Photo credits: Princess Hyrule Photography
PM Gods only need to out play one person, themselves.
Recently, Thomas “ThunderzReign” Thammavongsa took home another tournament victory with The Bigger Balc. While Thunderz winning a tournament is normal in the current Project M landscape, he did so from losers due to an early loss at the hands of Malachi “Malachi” Covington, New York’s best player. This run saw him beating a couple of players he’s had issues with in the past, including SoCal’s Jonathan “Sosa” Sosa and MDVA’s Alex “HyperFlame” Mireles, and finishing with a 6-1 set against Flipp. All should be chipper, right?
The Project M world is settling in after another year that saw changes and turnover. New players are rising up to the challenge, and old players are finding ways to travel around the country to show their teeth. Where's the issue? What if the top players’ struggles just aren’t the same as everyone else’s? Let’s go back a year ago. Arjun “Junebug” Rao had a run that even with all the success of Thunderz has yet to be matched. June was running a gauntlet around the country making it out to nearly every event, rarely dropping sets. These wins included Low Tier City 3, Blacklisted, ARLO 2, We Tech Those, FinalBOSS, Shots Fired 2 and Frozen Phoenix, all of them occurring within 7 months of each other, all with high level players in attendance and all showcasing a level of mental resilience not yet showcased in Project M.
Project M is a mental game like any other fighting game regardless if it's a 2D fighter, or if you are battling with pokemon in an arena, Your tech skill takes you to point A and your mental resiliency takes you home. Junebug was one of the first players to take Project M and develop a play and meta style around his comfort zone. He made many players believe that the only way to win was out playing the neutral game and capitalizing on those exchanges. He was the first player to mentally push the game to a new level. What Junebug did was arguably one of the better runs a smasher has had and if there wasn't someone named Gonzalo “ZeRo” Barrios who completely owned an entire community's competitive scene for nearly a year on every level it may even have gotten more attention, not to mention Project M is looked at as the redheaded stepchild of Smash (a cute one, but still. Red hair in the summer is a tough sell). June, who was so good that despite the fact that he had found ways to SD in major sets nearly on a game basis, he could still win with this patient aggression that wasn't seen before. The man was spotting points in a first to 11 pick up hoops game and would still beat you by 5.
Junebug also kept Maryland/Virginia in the spotlight long after other players shifted their attention to other games. Former MDVA greats like Marcus “Pink Fresh” Wilson, Rishi “SmashG0D” Malhotra & Arjun “Llod” Malhotra found themselves improving and growing in Smash 4 and Melee. June stayed the course and carried his region, being the lone rep in top 8 across multiple nationals with (at the time) up and coming star Hyperflame (who has now become MDVAs most consistent player.) Late in 2016 at Olympus, the player representation in top 8 was 1 Texas, 1 MD/VA, 3 NY/NJ and 3 SoCal/Norcal. Junebug was that Lone MD/VA player holding up the carpool by continuing his great play.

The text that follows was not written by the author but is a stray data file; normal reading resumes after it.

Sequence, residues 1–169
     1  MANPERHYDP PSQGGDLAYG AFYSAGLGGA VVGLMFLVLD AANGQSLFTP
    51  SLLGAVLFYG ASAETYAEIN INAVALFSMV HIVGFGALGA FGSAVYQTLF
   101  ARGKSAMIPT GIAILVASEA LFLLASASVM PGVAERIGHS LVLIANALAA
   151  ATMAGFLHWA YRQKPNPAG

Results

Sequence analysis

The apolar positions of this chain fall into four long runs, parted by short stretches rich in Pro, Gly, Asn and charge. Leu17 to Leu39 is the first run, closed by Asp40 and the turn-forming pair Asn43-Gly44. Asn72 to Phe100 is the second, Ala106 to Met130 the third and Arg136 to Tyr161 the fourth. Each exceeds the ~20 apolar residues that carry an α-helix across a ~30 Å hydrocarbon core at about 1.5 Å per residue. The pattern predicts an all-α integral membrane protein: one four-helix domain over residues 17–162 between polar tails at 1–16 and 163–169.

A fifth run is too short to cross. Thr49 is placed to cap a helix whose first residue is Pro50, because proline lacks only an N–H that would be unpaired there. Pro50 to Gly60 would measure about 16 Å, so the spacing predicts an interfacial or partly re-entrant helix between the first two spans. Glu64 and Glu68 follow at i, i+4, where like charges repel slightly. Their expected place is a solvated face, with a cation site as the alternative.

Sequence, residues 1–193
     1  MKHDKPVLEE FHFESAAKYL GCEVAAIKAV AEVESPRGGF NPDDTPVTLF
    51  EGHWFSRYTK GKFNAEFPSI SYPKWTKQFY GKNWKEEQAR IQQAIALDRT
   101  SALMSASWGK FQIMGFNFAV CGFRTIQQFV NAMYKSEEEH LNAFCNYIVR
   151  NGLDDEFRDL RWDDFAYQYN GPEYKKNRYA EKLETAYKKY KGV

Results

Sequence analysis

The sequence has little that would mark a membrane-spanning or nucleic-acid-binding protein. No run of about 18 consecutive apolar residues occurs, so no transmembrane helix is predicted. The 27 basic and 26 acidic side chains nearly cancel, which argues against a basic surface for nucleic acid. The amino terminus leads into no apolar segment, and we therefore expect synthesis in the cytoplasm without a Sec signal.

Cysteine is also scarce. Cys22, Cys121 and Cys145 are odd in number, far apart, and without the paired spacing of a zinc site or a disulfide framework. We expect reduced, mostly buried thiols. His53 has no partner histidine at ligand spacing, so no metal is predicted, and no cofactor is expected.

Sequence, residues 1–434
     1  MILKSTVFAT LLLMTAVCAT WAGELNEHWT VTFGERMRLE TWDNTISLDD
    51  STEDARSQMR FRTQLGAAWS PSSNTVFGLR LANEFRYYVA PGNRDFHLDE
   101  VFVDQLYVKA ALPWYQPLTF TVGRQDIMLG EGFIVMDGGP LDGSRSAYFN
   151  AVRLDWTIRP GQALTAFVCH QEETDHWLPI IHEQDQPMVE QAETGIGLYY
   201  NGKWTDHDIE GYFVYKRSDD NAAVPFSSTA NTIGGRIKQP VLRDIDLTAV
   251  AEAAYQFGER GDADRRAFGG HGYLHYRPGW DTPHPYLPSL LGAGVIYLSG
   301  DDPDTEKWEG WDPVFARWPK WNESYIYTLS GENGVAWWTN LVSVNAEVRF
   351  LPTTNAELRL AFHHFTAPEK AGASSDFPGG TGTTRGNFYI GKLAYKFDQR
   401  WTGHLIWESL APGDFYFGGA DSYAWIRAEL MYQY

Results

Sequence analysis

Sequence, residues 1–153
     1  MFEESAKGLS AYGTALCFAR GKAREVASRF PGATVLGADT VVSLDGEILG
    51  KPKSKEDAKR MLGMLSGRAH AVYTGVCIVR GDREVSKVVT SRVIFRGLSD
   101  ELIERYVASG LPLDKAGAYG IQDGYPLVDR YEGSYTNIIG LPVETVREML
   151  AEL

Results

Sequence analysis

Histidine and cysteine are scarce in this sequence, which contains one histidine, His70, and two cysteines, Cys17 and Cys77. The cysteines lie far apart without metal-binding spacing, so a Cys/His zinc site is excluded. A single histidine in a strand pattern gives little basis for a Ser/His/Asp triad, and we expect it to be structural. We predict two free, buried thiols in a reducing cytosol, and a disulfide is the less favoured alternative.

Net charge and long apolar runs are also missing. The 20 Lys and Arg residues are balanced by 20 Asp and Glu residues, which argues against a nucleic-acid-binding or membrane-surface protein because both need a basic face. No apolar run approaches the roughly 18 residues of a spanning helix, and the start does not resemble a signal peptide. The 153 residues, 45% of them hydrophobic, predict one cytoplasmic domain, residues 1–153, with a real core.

However, challenges arrived for June. In mid 2016, Supernova came and went and junebug found himself outside the top 8 for the first time ever at a major event. All of a sudden, the questions weren't even about the winner, People still forget Flipp won that event against a stellar run by SoCal’s Jake “Venom” Hefner. Instead, people remember Junebug managing to not make top 8 along with Sosa. All of a sudden, June is faced with new questions; “How has the Circuit affected your play?”, and “How do you explain certain finishes?” Just like that, Junebug had inherited the pressure of being a top flight player, where winning becomes a relief more than a joice occasion. You don’t realize how good a player is until he loses. Junebug was a thing taken for granted. He was an expectation more than he was a player, Junebug was expected to win, Junebug was the person you chalked in as your 1 seed 6 months in advance of a tournament. He would win on the east coast and on the west and clean up the middle along the way, but the moment he would slip even if for one tournament people would begin to ask if he was “Figured out” and that narrative would take the lead on what was one of the most dominating years a player has ever had. Players and spectators would put aside all of the accomplishments and focus on the slip ups. The 1st place finishes to a back seat to the few and far inbetween lackluster tournaments. This isn't all to knock on June who, if he decides to approach PM on a consistent basis again, will immediately become a top 8 threat wherever he goes. This is because Thunderz is on the exact same path.